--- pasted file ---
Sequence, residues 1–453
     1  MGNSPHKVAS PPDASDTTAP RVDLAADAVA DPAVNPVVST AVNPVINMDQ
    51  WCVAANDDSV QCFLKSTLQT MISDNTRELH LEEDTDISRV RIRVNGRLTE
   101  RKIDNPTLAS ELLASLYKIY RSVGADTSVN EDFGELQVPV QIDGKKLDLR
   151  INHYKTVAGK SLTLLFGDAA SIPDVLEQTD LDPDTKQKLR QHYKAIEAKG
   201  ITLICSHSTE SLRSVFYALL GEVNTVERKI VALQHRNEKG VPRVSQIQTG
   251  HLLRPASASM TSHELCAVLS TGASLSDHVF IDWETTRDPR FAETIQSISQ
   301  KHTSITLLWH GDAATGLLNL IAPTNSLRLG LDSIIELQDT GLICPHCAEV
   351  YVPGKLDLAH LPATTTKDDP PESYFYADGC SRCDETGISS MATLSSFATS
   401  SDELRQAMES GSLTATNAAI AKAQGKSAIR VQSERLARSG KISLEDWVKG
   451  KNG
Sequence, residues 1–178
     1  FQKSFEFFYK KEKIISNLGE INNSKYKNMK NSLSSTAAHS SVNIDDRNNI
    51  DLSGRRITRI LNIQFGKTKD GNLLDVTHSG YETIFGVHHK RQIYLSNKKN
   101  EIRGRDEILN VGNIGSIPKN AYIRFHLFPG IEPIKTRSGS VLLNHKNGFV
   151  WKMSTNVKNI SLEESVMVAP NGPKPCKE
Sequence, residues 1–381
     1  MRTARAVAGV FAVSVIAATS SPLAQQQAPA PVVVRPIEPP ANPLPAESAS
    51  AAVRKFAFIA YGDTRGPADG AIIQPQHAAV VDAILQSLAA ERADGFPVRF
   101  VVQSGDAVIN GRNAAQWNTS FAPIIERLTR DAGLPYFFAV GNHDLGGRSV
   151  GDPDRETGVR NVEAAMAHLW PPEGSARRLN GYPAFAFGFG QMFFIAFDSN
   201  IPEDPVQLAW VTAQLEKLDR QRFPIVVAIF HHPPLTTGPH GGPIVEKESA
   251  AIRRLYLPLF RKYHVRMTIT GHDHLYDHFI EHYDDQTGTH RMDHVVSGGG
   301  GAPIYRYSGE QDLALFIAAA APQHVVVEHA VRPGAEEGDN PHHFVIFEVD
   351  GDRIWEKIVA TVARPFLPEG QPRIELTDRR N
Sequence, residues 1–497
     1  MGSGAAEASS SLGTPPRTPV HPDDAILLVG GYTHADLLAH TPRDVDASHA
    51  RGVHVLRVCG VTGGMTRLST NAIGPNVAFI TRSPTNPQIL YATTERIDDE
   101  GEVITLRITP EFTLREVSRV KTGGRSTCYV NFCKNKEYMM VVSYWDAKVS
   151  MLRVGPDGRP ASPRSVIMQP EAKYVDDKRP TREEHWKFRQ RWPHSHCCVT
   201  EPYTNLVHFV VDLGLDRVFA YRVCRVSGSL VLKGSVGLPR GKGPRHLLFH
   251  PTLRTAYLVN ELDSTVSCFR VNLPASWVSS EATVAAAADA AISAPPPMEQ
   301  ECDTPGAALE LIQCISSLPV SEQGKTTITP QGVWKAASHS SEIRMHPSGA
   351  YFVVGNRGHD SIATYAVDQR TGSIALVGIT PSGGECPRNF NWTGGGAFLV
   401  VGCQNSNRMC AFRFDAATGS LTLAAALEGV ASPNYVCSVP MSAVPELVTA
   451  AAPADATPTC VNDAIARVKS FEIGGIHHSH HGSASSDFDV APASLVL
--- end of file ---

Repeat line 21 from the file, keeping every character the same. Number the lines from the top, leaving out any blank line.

   151  GDPDRETGVR NVEAAMAHLW PPEGSARRLN GYPAFAFGFG QMFFIAFDSN